The Geological Survey of Queensland opens new $5 million drill core storage facility

Queensland’s resources exploration industry now has access to more information thanks to a $5 million expansion of the Queensland Government’s Exploration Data Centre (EDC) at Zillmere on Brisbane’s north side.


The Geological Survey of Queensland’s new Exploration Data Centre located at Zillmere in Brisbane’s northern suburbs

Minister for Natural Resources and Mines Dr Anthony Lynham and State Member for Nudgee Ms Leanne Linard officially opened the EDC expansion on Thursday, 20th of October.

The expansion will provide greater access and storage capacity for exploration samples from throughout Queensland, adding to the 800-plus kilometres of core samples currently stored at the facility.

The new drill core storage facility with state of the art drill core racking and inventory management

The new drill core storage facility with state of the art drill core racking and inventory management

The Exploration Data Centre offers the resources exploration industry a comprehensive catalogue of samples from over 11,600 drill holes collected by the Geological Survey of Queensland over the last 100 years, with the oldest being from the Mitchell town bore drilled in 1886.

This new expansion will provide storage for an estimated 500 km of additional samples, complementing the Geological Survey of Queensland’s (GSQ) HyLoggerTM digital spectral scanning technology which provides the exploration industry with access to a virtual core library.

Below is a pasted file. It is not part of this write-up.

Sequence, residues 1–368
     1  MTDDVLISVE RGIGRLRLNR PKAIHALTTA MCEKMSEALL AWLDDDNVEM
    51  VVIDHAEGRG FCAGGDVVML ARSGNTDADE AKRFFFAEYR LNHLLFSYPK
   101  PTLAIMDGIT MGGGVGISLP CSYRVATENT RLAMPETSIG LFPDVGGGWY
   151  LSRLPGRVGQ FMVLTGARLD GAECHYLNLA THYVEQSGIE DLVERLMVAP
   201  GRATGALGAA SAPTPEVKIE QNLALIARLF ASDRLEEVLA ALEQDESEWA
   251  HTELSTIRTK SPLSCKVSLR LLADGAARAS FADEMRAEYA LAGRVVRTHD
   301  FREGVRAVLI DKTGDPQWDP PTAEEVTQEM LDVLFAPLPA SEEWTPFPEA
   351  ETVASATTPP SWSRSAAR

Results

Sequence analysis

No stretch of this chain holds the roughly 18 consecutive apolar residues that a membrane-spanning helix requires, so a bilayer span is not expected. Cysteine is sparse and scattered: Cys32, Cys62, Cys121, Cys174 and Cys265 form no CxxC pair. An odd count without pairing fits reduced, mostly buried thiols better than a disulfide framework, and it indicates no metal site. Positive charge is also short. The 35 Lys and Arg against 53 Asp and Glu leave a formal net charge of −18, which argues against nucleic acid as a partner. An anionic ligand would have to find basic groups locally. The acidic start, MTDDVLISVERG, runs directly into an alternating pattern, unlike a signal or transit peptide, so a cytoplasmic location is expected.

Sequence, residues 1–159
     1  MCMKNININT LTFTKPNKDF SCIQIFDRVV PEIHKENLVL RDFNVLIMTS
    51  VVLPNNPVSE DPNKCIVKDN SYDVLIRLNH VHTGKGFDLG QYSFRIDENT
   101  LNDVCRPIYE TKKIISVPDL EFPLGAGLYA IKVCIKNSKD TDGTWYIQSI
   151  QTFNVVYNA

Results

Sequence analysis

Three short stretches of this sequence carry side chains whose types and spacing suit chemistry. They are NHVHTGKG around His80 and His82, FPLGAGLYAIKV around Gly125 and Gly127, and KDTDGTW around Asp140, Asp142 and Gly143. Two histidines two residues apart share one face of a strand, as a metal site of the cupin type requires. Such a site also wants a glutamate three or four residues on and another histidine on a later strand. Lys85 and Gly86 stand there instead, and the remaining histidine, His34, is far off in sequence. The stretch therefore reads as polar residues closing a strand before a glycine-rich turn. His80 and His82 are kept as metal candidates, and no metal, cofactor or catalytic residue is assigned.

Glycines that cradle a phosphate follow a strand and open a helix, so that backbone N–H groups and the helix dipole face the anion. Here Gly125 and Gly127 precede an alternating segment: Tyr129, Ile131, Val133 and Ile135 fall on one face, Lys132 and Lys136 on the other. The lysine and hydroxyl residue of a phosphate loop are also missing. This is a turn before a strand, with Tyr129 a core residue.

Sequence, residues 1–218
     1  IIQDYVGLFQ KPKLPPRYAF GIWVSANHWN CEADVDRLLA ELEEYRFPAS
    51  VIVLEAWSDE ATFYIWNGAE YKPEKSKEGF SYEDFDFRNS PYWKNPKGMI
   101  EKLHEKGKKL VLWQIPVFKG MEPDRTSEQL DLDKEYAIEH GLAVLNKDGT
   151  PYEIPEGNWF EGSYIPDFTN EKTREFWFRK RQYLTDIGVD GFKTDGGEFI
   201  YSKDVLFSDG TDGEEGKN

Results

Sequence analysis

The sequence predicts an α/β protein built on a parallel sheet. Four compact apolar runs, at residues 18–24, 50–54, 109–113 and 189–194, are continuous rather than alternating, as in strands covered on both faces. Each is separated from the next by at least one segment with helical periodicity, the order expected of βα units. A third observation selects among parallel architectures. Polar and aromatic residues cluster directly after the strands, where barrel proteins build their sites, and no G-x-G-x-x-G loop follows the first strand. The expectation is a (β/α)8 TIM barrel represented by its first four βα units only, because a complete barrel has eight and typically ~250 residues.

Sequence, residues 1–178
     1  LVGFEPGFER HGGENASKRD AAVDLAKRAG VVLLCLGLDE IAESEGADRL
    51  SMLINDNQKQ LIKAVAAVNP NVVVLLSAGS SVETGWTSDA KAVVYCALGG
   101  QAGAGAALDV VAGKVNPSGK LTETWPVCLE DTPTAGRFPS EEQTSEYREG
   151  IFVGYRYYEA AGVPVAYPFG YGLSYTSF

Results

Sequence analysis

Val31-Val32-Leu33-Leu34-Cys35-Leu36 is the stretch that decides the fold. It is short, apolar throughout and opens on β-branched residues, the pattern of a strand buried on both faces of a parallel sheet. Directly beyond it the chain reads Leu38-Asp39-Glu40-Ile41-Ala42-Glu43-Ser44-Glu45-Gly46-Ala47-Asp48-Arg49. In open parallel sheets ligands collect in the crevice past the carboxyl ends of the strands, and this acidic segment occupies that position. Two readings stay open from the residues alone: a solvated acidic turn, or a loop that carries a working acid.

From left the Geological Survey of Queensland’s Chief Government Geologist, Tony Knight, Minister for Natural Resources and Mines, Dr Anthony Lynham and State Member for Nudgee Ms Leanne Linard opening the new centre.

From left the Geological Survey of Queensland’s Chief Government Geologist, Tony Knight, Minister for Natural Resources and Mines, Dr Anthony Lynham and State Member for Nudgee Ms Leanne Linard opening the new centre.

The new facility was constructed by Northbuild Constructions Queensland and built over 8 months, creating more than 100 jobs for designers, engineers and contractors.

The expansion of this facility gives industry, universities, researchers and Government scientists even greater access to a reference collection of the geology of Queensland.


The innovative Hylogger (TM) hyperspectral logging system is available for industry use at the EDC

Address and Contact Details:

68 Pineapple Street, Zillmere 4034 QLD
Telephone:  +61 7 3096 6810
Facsimile:  +61 7 3096 6817
Mobile:  0408 887 685
Facebook: Mining Qld
Twitter: @miningqld

Click here for more information about the EDC and the services available to support exploration in Queensland through the centre.

Click here for more information about the Geological Survey of Queensland’s on-line information services.

What’s happening in your state this Christmas?



Join your local state branch for their annual Christmas and end of year celebrations!


Townsville Minerals Industry Christmas Party

Friday 18 November 2016 – from 6.30 pm – 11.00 pm
The Deck, Townsville Yacht Club
Register at www.aig.org.au/events/townsville-minerals-industry-christmas-party


Western Australia Branch – WA Christmas Function

Friday 25th November 2016 – from 5pm – 7.30pm
West Australian Rowing Club – Barrack Square (Riverside Drive)
Register at www.aig.org.au/events/wa-branch-xmas-function


Queensland Branch – Brisbane AIG Geoscience Christmas Party

Friday 2nd December, 2016 – From 5pm till late
Transcontinental Hotel – 482 George St, Brisbane
Register at www.aig.org.au/events/brisbane-aig-geoscience-christmas-party-2016


New South Wales Branch – SMEDG David Timms Christmas Cruise

Feast on gourmet food and sip on wine aboard the ‘Proclaim’!
Friday 16th December 2016
Boarding at McMahons Point Wharf 12.50pm
Register at www.smedg.org.au/smedg-david-timms-christmas-cruise-2016


We look forward to seeing you there!


35th International Geological Congress Newsletter


27th August – 4 September 2016 | Cape Town, South Africa